What is the difference between assisted living and a nursing home?

Leon Care Centers allows residents to start out in an assisted living environment and move into the skilled nursing care center if this becomes a need later on. In general, here are the differences between assisted living (as provided by us at Terrace Park Assisted Living) and a skilled nursing care center (as provided by us at Westview Acres Care Center):

Assisted Living

Assisted living facilities provide supportive services such as housekeeping, meal preparation, planned activities, and wellness. Staff focusing on “helping with” not “doing for” residents. Residents have their own apartments and manage their own schedules. Residents may stay on a temporary basis or longer-term. On call nurses are available 24 hours per day, 7 days per week. Assisted living facilities are not for people who need constant nursing care. In general, payment is not usually provided by health insurance nor Medicare/Medicaid. Long-term care insurance can sometimes be used. Many individuals pay for assisted living themselves. Costs vary greatly depending on services provided.

Nursing Home

Nursing home facilities provide residents with help for most or all of their activities of daily living such as meals, bathing, dressing, nursing care, toileting, rehabilitative therapy, and special care for residents with dementia. Residents may stay on a temporary basis or longer-term. Skilled nursing is provided 24 hours per day, 7 days per week. Private health insurance, long-term care insurance, and Medicare/Medicaid will sometimes pay for nursing home services. Costs vary greatly depending on services provided.

When should I consider assisted living or a nursing home?

  • Physical health: Limitations caused by chronic diseases or physical disability may cause difficulty performing daily activities such as walking, dressing, and preparing meals.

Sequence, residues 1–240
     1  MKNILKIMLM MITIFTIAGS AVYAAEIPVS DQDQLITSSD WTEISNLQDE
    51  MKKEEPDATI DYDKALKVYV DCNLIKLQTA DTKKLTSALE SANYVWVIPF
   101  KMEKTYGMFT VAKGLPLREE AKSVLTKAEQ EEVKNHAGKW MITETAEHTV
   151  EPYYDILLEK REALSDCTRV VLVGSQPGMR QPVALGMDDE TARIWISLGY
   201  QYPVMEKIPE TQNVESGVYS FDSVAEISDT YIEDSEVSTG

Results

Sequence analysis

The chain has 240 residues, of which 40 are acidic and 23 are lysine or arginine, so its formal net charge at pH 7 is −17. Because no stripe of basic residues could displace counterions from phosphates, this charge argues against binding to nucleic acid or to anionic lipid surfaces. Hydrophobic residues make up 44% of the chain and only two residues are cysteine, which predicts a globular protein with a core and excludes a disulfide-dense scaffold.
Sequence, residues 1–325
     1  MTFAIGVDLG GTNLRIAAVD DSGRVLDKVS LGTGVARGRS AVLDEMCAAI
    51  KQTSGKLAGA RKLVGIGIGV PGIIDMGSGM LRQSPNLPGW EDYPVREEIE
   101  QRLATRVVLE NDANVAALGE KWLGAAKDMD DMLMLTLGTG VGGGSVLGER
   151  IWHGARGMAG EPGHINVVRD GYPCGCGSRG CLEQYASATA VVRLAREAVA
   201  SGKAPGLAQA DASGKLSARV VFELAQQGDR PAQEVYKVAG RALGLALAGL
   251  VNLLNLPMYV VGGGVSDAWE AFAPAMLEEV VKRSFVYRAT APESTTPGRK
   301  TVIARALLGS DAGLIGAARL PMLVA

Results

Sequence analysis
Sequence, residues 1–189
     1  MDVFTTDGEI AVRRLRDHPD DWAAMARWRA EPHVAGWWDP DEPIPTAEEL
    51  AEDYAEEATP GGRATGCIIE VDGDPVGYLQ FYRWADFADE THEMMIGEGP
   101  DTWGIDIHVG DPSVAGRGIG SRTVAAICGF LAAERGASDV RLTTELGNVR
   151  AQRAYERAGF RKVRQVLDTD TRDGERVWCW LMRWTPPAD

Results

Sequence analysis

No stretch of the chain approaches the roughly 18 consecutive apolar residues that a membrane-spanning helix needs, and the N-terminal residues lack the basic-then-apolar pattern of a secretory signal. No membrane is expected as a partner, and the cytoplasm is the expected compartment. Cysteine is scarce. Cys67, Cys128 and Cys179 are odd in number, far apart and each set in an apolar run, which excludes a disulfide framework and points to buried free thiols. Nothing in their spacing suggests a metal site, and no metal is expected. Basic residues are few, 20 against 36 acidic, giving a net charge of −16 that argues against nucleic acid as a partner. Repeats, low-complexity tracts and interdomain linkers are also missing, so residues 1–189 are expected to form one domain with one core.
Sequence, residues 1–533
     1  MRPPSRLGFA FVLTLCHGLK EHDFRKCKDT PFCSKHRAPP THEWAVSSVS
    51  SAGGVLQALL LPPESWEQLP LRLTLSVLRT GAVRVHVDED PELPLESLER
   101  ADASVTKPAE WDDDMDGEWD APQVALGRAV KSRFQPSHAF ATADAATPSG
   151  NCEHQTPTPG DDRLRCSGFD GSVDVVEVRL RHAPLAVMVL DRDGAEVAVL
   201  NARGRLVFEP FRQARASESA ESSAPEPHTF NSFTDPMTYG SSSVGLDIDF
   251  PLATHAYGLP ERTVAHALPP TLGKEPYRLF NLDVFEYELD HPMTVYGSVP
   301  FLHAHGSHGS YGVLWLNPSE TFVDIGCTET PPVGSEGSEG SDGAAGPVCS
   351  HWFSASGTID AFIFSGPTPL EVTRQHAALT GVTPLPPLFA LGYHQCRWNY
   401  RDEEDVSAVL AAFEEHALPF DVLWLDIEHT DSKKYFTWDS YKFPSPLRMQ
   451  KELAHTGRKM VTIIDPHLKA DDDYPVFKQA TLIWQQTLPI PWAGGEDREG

• Mental health: Diagnosis of mental health issues such as depression, anxiety, or dementia may result in confusion, disorientation or isolation.
  • Concerns about medications: Inability to take medication as directed or a need for intravenous (IV) drugs or dialysis.
  • Support systems: Lack of a support system, such as key friends and family who can be called in an emergency and are able to assist when you need them.
  • Finances: Difficulty managing your own financial affairs or inability to meet present and future care and home maintenance needs with current income sources.

How do I find a good facility?

The best way to find out if a facility will be a good fit for you is to visit. First, call the facility to see if they accept your payment plan and if they have space available. Then, arrange a visit at least one time and preferably two or three at varying times of day. It is a good idea to have at least one unannounced visit, a visit during meal time, and a visit on weekends. This will give you a good idea of the type of life you will be leading.

You might also speak with residents and their families to find out what life is really like at the facility.

And, get to know the staff people who will be working with you and caring for you. It is important to build a solid relationship with care providers.

How do I get ready to move?

Change is challenging for anyone. It may take a few days, weeks, or months to get used to living in a new environment. Here are some tips that might help:

  • Decide what furniture, clothes, and personal items you will bring. For the rest, you may choose to donate, sell, or store them off-site.
  • Many people struggle with the deciding what to bring and what to leave. Start packing as far in advance as possible. Allow friends and loved ones to help you.
  • Once you are moved in, try to get out and meet people in your new community. Participate in activities. Stay busy. Eventually, you will start to feel more comfortable in your surroundings. If you don’t, talk with a staff member about ways in which they can help.
  • If you utilize laundry services, label your clothes and washable items to avoid any mix-ups.
  • Try to remain positive. This is a major change. Talk to your friends and family about your feelings.